With a built-in audience of millions of hypochondriacs, health information services site WebMD has posted a Q1 earnings report that was slighly better than analyst projections. WebMD, which also hosts information on pet health, posted a revenue of $106.9 million, which was expected, though lost 14 cents per share, a little less than the projected $0.17 loss.
Site traffic was up 37.5% from Q1 2011, with 107 million unique monthly visitors, for 2.52 billion page views, a 34.9% increase. WebMD predicts that it will see revenue between $110-115 million in Q2, which is below Wall Street's projected $123.5 million. For the year, the company predicts it will make $500-535 million, with shares sitting in the range of 5 to 37 cents (?). WebMD stock is late trading for $22.97, up 22 cents, or 1%.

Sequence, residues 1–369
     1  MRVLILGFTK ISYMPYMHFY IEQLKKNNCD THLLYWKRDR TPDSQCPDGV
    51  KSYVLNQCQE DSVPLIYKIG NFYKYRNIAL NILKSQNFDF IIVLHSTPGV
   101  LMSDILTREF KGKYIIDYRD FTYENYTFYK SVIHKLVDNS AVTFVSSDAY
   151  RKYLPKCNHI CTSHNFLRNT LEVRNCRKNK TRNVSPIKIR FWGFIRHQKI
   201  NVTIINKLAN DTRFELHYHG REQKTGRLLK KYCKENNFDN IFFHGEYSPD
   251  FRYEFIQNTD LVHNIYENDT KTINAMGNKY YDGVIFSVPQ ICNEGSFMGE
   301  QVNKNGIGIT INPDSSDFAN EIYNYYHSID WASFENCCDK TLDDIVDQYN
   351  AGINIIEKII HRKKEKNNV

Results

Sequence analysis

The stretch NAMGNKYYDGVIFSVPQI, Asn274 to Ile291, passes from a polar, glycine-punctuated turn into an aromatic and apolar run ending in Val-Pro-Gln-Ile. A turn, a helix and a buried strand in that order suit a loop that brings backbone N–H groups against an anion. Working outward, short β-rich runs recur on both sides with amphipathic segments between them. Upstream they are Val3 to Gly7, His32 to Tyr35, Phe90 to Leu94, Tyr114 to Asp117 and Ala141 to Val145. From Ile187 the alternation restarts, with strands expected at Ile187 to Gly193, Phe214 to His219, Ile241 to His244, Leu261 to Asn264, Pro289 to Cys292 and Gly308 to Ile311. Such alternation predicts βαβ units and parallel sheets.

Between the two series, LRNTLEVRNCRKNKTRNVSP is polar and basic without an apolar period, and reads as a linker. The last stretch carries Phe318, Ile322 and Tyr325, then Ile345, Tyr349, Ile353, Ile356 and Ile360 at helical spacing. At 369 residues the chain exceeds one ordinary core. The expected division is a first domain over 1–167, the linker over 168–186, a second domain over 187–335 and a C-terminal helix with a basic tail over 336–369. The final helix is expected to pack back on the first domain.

A 2011 Pew study has shown that 80% of internet users in the U.S. look up health information online. The demographics that are most interested in sites like WebMD include caregivers, women, whites, younger adults, and adults with at least some college education. Below is a list of some medical search trends:
Interestingly, the majority of the users polled utilize the service to confirm their self-diagnoses, and roughly two-thirds of which go on to look up a doctor.